This entry was posted in Uncategorized. Bookmark the permalink.

7 Responses to What is Raw Honey?

  1. Ornella says:

    Hi,
    I came across your company info due to the amazon raw honey products.
    I am looking to buy raw, organic wild flower and single source honey.
    I am bit confused since your website says that none of the bees are used for pollination, but the macadamia nuts honey is from orchards…are these orchards organic?
    I am looking to avoid any type of pesticides or treatments of the flowers.

    Or do you recommend a honey product of yours that is:
    Raw, un heated, unpasteurized, single sourced, wildflowers. Looking for honey and honeycomb also. Do you have a link for amazon with such products?

    Thx a lot!
    Ornella

    • Hello,

      Thanks for your question.
      We produce two brands, the Royal Hawaiian Honey and the Bee Well Honey. Both are raw honeys.
      Royal Hawaiian Honeys are single-source conventional varietals, while the Bee Well is certified organic wildflower.

      We only harvest honey with our bees, we do not use our bees for commercial pollination like many beekeepers do, which means they move their hives around the country pollinating orchards for a fee. That is what is meant by “not used for pollination”. The Macadamia Nut orchards are conventional, and they are located close to our farm in Hawaii which is why our bees happen to forage there.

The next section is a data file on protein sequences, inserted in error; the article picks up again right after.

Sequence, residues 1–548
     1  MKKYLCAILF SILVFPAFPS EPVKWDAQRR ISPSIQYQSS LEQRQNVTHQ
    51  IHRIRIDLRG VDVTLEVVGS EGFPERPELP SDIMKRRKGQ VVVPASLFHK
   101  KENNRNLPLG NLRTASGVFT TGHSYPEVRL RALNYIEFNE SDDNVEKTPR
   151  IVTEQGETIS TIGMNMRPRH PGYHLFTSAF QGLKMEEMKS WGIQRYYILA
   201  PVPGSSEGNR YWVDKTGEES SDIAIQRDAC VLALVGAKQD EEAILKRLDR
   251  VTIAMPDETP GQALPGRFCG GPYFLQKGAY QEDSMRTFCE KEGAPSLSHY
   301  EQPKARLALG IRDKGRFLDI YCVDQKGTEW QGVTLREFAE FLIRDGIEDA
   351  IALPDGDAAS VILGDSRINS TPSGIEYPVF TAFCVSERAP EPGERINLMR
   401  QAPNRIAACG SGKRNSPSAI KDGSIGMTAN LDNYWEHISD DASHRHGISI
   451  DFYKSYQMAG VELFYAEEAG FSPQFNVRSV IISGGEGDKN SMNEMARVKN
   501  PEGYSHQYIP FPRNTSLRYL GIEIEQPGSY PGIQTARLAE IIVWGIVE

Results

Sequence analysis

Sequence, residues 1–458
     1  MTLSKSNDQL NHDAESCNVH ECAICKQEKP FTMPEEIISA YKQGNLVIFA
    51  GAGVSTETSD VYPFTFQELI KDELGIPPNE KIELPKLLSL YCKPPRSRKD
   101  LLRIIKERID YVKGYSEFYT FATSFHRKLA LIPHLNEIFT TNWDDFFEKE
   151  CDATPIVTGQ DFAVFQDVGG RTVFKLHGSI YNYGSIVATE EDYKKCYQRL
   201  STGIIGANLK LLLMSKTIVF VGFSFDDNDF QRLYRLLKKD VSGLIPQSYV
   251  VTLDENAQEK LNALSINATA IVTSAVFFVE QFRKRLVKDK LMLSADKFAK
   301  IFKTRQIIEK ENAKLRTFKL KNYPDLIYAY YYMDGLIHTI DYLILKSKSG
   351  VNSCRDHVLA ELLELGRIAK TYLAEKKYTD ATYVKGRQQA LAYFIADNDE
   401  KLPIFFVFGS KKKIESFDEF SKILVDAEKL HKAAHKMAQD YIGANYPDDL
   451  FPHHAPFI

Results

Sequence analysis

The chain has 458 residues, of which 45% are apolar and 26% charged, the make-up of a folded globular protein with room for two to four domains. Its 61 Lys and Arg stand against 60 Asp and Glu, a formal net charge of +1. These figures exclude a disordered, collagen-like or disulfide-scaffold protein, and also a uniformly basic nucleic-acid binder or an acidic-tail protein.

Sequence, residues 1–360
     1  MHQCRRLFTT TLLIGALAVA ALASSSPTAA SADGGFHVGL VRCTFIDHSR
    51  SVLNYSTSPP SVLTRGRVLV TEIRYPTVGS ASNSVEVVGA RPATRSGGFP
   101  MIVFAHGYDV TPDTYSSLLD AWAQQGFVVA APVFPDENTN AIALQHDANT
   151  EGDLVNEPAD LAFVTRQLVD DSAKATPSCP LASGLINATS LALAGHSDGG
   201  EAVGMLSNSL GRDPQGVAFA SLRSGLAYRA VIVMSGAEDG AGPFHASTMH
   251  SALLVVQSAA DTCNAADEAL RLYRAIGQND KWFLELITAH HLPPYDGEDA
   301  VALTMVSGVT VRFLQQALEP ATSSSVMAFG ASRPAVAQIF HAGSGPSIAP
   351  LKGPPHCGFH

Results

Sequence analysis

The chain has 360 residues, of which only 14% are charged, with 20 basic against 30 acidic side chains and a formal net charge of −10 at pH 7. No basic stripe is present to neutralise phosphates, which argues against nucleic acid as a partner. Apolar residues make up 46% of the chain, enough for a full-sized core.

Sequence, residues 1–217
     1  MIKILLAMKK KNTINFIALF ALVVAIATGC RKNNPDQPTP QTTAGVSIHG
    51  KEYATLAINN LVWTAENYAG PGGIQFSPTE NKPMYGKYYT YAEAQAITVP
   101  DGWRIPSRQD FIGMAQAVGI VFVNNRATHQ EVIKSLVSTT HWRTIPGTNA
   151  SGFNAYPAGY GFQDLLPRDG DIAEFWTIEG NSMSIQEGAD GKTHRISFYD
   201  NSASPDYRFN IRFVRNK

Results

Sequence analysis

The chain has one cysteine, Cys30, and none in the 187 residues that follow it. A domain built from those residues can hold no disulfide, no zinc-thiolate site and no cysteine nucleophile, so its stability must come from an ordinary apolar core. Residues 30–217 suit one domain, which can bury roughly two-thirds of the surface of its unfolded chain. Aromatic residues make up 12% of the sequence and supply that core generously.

I hope this answers your questions!

      Rebeca

  2. Hi Ornella,

    Yes, we sell Bee Well Honey on Amazon.
    https://www.amazon.com/gp/product/B00UY3Z5EO/ref=s9_acsd_hps_bw_c_x_1_wYou can ship to anywhere in the U.S. from Amazon.

    Thanks!
    Rebeca

  3. My husband and I love your honey! And love that you wrote on the label about *Honeybees are healthy and abundant and *Beekeeepers make a fair and prosperous living from their craft. Both are so important for producing a product ethically and safely, with everyone happy. My only question is why the label states to store the honey at room temperature… I can understand if this is to reduce the odds of it crystallizing. However, I really like my honey cold from the refrigerator, and hope that doesn’t affect any of the enzymes and goodness in the honey, especially since it will take a few months to get through the jar. Cheers, aloha!

    • Hello Kari!

      So glad you like our honey!!
      You can absolutely store honey in the fridge is you wish, especially if you prefer it cold and more crystallized. The only reason we say “room temp” on the label is to advise that honey doesn’t need to be refrigerated like some other goods once opened. It will not affect the enzymes or any other properties of the honey.

      Hope this answers your question!

      Rebeca

Leave a Reply

Fill in your details below or click an icon to log in:

WordPress.com Logo

You are commenting using your WordPress.com account. Log Out /  Change )

Google+ photo

You are commenting using your Google+ account. Log Out /  Change )

Twitter picture

You are commenting using your Twitter account. Log Out /  Change )

Facebook photo

You are commenting using your Facebook account. Log Out /  Change )

Connecting to %s